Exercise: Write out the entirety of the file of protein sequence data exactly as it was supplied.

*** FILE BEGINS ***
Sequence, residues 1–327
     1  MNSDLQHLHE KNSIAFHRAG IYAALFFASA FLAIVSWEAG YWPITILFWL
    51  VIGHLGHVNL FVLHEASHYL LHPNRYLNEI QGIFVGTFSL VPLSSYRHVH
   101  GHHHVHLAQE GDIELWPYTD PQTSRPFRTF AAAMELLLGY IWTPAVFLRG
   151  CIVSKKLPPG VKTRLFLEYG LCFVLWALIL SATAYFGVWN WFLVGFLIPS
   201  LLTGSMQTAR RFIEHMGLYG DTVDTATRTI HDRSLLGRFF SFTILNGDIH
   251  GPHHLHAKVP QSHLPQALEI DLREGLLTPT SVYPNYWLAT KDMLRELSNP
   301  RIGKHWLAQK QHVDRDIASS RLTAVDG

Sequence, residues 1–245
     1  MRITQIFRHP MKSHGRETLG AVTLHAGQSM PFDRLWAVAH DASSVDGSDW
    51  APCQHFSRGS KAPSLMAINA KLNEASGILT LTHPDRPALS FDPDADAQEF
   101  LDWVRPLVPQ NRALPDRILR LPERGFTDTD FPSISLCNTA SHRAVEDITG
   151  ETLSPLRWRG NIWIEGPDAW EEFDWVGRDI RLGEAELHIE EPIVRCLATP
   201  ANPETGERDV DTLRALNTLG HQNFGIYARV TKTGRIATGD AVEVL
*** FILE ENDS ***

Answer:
Sequence, residues 1–327
     1  MNSDLQHLHE KNSIAFHRAG IYAALFFASA FLAIVSWEAG YWPITILFWL
    51  VIGHLGHVNL FVLHEASHYL LHPNRYLNEI QGIFVGTFSL VPLSSYRHVH
   101  GHHHVHLAQE GDIELWPYTD PQTSRPFRTF AAAMELLLGY IWTPAVFLRG
   151  CIVSKKLPPG VKTRLFLEYG LCFVLWALIL SATAYFGVWN WFLVGFLIPS
   201  LLTGSMQTAR RFIEHMGLYG DTVDTATRTI HDRSLLGRFF SFTILNGDIH
   251  GPHHLHAKVP QSHLPQALEI DLREGLLTPT SVYPNYWLAT KDMLRELSNP
   301  RIGKHWLAQK QHVDRDIASS RLTAVDG

Sequence, residues 1–245
     1  MRITQIFRHP MKSHGRETLG AVTLHAGQSM PFDRLWAVAH DASSVDGSDW
    51  APCQHFSRGS KAPSLMAINA KLNEASGILT LTHPDRPALS FDPDADAQEF
   101  LDWVRPLVPQ NRALPDRILR LPERGFTDTD FPSISLCNTA SHRAVEDITG
   151  ETLSPLRWRG NIWIEGPDAW EEFDWVGRDI RLGEAELHIE EPIVRCLATP
   201  ANPETGERDV DTLRALNTLG HQNFGIYARV TKTGRIATGD AVEVL